China has established itself as a blockchain technology hub and currently leads in the use of the innovation. The nation has filed the highest number of blockchain patents globally. The East Asian country has a new world title.
According to data by InWara, out of 583 token offerings launched in 2019’s first half, those Chinese in origin raised the most capital. Chinese projects have so far raised an astounding $1.18 billion, which is 33.2 percent of the money raised from token sales in 2019. This quite surprising since China’s government is primarily viewed as crypto bearish.
Chinese IEO raises $1 billion
This year, blockchain startups have raised $2.26 billion in venture funding. In the first quarter, these projects raised $560 million. In the second quarter, however, they raised at least three times the first quarter’s amounts resting at $1.7 billion. Digging deeper into the data reveals that the US had the lion’s share of the token offerings at 66.
It was followed by Singapore another upcoming crypto friendly environment with 52 token sales. China had 30 despite raising the most considerable amount of cash. Of the token sales, 69 percent were ICOSs while 21 percent were IEOs. STOs had 10 percent. Token-based funding has nonetheless taken a massive hit from the ICO market collapse. The capital raised is 46 percent less since ICO numbers have declined by 74 percent compared to 2018 figures.
In contrast, the IEO rates are growing, registering a 6,000 percent rise with 123 projects. These projects have raised a massive $1.63 billion, and this figure is expected to rise with time as the ICO further declines. China’s dominance in token funding was primarily occasioned by the Bitfinex’s LEO, May 2019 IEO. Floated on Tokinex, the IEO raised $1 billion. Gate came second with $320 million. The US-based 66 token projects raised $255 million, a 7.6 percent of all capital raised globally. Singapore, in its part, raised $232 million.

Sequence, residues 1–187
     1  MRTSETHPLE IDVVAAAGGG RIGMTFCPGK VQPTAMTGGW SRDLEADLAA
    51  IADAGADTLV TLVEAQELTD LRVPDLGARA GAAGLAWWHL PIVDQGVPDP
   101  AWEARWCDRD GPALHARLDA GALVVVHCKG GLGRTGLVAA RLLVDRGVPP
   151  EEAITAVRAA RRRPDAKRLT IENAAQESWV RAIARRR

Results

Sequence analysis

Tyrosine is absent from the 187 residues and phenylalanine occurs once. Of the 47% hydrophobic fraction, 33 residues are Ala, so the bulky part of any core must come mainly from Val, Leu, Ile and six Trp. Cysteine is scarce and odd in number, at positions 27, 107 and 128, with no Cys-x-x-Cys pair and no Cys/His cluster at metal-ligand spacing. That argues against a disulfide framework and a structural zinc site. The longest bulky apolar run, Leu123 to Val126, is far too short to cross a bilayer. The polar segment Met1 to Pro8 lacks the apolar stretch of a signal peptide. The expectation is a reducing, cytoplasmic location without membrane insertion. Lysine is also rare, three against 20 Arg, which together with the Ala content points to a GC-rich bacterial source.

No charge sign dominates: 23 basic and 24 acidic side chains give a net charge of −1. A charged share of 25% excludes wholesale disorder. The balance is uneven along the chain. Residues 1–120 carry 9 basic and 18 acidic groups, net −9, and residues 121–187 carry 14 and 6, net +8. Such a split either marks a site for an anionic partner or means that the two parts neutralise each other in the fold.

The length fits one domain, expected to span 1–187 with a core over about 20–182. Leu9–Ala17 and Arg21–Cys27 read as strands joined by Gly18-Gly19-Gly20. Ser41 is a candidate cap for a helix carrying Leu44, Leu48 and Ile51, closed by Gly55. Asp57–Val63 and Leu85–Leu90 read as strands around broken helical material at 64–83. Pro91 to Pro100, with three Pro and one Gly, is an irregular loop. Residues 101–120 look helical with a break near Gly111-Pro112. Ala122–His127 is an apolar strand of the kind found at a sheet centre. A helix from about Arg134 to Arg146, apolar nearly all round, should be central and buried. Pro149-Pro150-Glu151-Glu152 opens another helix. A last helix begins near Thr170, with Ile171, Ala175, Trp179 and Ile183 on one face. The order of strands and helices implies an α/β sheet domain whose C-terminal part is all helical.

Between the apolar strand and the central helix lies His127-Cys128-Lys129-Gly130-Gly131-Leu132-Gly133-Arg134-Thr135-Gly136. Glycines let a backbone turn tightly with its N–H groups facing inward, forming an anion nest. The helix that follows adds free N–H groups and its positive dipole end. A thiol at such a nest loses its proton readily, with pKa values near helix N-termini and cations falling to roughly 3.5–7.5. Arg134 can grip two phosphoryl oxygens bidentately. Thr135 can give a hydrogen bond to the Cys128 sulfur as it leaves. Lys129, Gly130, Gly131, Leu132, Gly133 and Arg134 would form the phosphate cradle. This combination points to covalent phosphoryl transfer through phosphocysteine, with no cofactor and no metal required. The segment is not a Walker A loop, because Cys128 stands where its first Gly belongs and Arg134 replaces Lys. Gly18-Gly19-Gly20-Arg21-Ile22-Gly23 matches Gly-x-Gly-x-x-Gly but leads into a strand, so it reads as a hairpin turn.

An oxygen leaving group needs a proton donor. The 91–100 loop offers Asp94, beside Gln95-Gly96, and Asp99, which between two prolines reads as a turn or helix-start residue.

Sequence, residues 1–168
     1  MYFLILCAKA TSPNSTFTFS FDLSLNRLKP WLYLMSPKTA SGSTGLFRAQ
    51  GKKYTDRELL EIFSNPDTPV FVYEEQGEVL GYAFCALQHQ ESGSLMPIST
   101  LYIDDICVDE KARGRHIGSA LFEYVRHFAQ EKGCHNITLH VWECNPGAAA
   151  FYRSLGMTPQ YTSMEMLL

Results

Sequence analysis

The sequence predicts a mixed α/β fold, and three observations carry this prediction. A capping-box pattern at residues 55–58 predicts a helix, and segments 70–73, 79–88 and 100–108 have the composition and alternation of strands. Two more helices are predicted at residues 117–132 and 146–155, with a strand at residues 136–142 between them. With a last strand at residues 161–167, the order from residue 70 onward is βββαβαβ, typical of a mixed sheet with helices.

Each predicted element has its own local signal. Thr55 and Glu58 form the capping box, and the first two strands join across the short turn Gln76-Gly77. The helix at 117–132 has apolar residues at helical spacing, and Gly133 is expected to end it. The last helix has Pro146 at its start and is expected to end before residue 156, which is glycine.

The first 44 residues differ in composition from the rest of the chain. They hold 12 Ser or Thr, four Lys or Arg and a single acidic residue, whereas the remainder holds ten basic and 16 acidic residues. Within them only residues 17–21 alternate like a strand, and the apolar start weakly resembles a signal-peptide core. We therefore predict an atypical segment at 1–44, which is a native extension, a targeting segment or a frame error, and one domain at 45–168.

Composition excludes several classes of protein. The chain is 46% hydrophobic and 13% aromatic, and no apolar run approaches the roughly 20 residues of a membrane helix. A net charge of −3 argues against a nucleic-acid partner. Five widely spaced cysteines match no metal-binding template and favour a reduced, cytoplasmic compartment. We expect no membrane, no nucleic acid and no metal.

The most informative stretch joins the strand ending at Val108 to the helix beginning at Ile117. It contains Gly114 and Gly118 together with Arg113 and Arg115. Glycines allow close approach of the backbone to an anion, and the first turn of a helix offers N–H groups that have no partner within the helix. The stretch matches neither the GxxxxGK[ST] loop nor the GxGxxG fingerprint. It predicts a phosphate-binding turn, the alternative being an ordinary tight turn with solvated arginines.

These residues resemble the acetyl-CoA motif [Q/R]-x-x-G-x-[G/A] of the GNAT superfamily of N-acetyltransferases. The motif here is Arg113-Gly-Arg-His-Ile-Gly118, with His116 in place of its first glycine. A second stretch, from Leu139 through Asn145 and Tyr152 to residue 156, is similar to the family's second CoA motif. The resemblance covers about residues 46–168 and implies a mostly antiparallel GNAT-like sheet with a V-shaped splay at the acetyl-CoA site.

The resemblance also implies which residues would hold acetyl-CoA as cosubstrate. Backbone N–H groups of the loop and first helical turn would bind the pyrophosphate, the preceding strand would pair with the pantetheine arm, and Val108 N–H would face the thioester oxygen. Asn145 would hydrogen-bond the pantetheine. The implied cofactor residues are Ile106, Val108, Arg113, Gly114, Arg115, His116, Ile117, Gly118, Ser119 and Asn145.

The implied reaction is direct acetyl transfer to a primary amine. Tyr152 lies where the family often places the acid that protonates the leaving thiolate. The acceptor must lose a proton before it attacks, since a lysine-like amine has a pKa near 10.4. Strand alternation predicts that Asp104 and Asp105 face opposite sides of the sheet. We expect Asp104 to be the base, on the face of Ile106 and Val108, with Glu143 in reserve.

Support for Blockchain Developers
The Chinese government is greatly attracted to the efficiency and cost savings nature of blockchain. As an illustration, The People’s Bank of China, which is the Chinese central bank, is working on a blockchain based finance and trade platform. In fact, China has blockchain sandboxes to help boost the development of the technology. The Hainan sandbox, for instance, has government-sponsored incubators directed towards startups and entrepreneurs complete with exclusive deals, aid, and other perks.
This US has a National Action Plan for Blockchain, calling for “a comprehensive, coordinated, pro-growth approach to developing blockchain technology in the United States.” The plan forwarded by the Chamber of Digital Commerce has nevertheless not established any government strategy for blockchain yet.
In comparison, China is miles ahead. DLA Piper law firm’s attorney Lin Pang says that China:
“Encourages innovation and creativity by providing the resources, including the incubator. For foreign companies [coming in] they want to make sure you work with the local companies and contribute to their economy.”
Chinese blockchain developers also have a much easier time disrupting older systems than their peers in the US. The incumbents in financial services in the US, for instance, are entrenched and mature and have regulations protecting them. Nonetheless, in China, the opportunities for disruption are rife, and the government supports their effort.